The intersection of identities complicates and unites women, as on the one hand it is easy to find an intersection with another woman’s identity you can empathise and relate to – even on the most basic level you are both women. Yet the hard work is done in understanding how your own power and privilege intersects with other women’s intersections, and that while you can empathise you cannot speak for her. Her voice must be her own, as must yours. Every women must be empowered to speak, to be uplifted by us all. Where our power and privilege collide with her intersectional identity, we take a step back into the shadows and let her shine.

Equity is about uplifting and empowering, acknowledging that rights are not a cake that is sliced up into proportional parts, but like the sea, where the surfit of rights enjoyed by some is empowered every time we uplift those whose rights have lagged behind. Rights are not gold dust that scatters into the wind if we share. No, by opening rights up to everyone in equity we create a society that is strong and empowered. Hannah Arendt talks about the right to have rights, the right to be a citizen of a society, and the duty of all citizens to ensure that there is no backsliding of rights for any member of society. In the current political climate it is easy to forget this, that rights have to be fought for and fought to be retained, that we as women must fight to both uplift all women and ensure that all women’s rights are not eroded.

Your fight is our battle, your struggle our burden. Intersectional feminism empowers all of us by acknowledging where power and privilege lies, and by ensuring that we can, in lockstep, ensure that all voices are accounted for in our battle for rights and our battle to protect rights. You, your voice uplifted, are power, and it is our shared privilege that ensures our collective strength is through unity and not in isolation. By you a woman of colour, queer, trans, mother, elder, young, disabled, sexual abuse survivor, non-English speaker, asylum seeker, Hijabi, or any myriad other intersection of wonderful womanhood, your identity is valid and wanted, for your intersectional identity stands next to mine. Your voice is powerful, and has every right to be heard. Together, by march, or post, or Facetime, or other connective methods, we strengthen each other, speak out against injustice, and empower women.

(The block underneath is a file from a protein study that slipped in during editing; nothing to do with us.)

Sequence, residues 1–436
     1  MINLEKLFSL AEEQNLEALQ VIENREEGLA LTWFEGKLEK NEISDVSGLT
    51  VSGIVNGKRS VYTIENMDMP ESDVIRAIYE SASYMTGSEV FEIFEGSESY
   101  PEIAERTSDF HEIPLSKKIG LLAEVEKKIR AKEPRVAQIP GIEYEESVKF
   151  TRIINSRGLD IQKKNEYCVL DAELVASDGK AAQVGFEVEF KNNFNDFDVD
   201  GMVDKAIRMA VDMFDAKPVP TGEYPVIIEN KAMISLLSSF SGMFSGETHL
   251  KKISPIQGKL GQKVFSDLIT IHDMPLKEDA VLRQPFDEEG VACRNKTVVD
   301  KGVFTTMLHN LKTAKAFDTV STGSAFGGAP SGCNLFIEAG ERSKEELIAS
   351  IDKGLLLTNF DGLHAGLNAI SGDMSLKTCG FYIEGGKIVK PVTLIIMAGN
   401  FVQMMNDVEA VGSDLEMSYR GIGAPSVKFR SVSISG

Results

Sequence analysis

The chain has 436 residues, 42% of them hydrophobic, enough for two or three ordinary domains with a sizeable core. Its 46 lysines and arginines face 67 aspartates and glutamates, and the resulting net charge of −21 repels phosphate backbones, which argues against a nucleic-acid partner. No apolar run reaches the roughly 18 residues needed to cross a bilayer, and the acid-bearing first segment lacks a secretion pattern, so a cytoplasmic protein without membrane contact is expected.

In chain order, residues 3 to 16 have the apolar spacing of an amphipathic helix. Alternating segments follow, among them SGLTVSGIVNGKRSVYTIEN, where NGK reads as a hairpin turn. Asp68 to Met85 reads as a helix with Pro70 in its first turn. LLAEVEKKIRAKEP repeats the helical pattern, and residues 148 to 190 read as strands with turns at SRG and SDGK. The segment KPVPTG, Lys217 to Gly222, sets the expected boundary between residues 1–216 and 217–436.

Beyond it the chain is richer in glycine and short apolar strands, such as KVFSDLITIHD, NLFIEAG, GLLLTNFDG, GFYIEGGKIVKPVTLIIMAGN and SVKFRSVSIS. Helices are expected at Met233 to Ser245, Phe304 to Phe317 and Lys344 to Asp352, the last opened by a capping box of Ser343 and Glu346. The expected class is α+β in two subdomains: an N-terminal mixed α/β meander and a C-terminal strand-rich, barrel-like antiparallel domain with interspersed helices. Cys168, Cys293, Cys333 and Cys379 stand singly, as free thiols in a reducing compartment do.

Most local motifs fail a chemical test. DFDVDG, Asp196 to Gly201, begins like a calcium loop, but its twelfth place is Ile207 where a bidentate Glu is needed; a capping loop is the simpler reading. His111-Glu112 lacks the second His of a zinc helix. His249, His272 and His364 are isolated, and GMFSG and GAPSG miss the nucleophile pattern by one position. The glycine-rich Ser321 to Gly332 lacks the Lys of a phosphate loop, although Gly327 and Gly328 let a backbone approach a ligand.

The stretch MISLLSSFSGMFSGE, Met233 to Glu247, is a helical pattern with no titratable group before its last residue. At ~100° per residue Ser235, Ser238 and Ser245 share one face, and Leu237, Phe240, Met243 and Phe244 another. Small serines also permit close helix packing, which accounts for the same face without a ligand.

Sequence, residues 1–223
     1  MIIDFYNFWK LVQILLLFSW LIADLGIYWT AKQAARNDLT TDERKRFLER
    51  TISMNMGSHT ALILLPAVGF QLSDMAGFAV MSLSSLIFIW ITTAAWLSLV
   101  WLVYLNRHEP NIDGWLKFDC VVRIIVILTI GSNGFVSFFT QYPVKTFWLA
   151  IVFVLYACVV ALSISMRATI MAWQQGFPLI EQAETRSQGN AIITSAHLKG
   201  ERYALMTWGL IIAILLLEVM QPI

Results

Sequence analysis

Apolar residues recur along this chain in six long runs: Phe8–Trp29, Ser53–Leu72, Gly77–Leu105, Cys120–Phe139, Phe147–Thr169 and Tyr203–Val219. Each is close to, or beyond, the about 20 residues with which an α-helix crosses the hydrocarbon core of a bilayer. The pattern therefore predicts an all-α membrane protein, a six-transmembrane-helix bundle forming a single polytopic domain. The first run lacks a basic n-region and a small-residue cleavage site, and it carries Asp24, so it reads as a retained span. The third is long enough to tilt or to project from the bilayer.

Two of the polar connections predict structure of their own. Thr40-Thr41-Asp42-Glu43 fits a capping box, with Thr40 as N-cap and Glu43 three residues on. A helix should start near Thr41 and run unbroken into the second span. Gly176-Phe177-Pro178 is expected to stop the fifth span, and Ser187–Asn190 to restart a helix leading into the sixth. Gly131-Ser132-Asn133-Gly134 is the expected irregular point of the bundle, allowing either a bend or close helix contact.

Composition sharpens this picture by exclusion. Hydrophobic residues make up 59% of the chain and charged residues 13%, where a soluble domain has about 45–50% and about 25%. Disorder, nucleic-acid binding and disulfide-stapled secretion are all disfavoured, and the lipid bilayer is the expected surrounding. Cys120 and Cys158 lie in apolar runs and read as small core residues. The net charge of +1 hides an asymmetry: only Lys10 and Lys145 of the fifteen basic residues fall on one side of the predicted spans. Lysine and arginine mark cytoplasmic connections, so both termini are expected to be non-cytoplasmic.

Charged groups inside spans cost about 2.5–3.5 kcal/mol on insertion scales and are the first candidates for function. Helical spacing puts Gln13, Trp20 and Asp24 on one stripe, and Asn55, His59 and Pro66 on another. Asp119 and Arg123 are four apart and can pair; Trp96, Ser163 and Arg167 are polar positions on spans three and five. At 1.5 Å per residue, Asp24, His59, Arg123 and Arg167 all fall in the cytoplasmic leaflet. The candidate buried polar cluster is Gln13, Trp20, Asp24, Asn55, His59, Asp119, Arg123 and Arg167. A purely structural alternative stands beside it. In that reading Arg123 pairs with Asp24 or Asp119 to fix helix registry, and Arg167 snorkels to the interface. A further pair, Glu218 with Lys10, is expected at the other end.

In the end, the struggle for rights can only be achieved if we lift up those voices marginalised and left behind. By understanding how our own intersectional identities converge with the women around us, we enable and ennoble each other to work together. We are far stronger together, far richer when we understand that ‘women’ is not just the voice of the privileged or powerful, but cuts across as many intersections as there are amazing women on the planet. Your struggle may be your own, and in this Covid-19 age you may feel isolated and alone, but in sharing it and understanding where your intersections are with the wider struggle, your identity is affirmed, empowered, and uplifted. This is why intersectional feminism matters, because it bonds us together in this broad tapestry of womanhood without erasing what makes each of us unique and powerful.

 

 

 


Thank you so much to Rachel Saunders for writing us this fantastic piece. You can click here to read Rachel’s other work on Medium.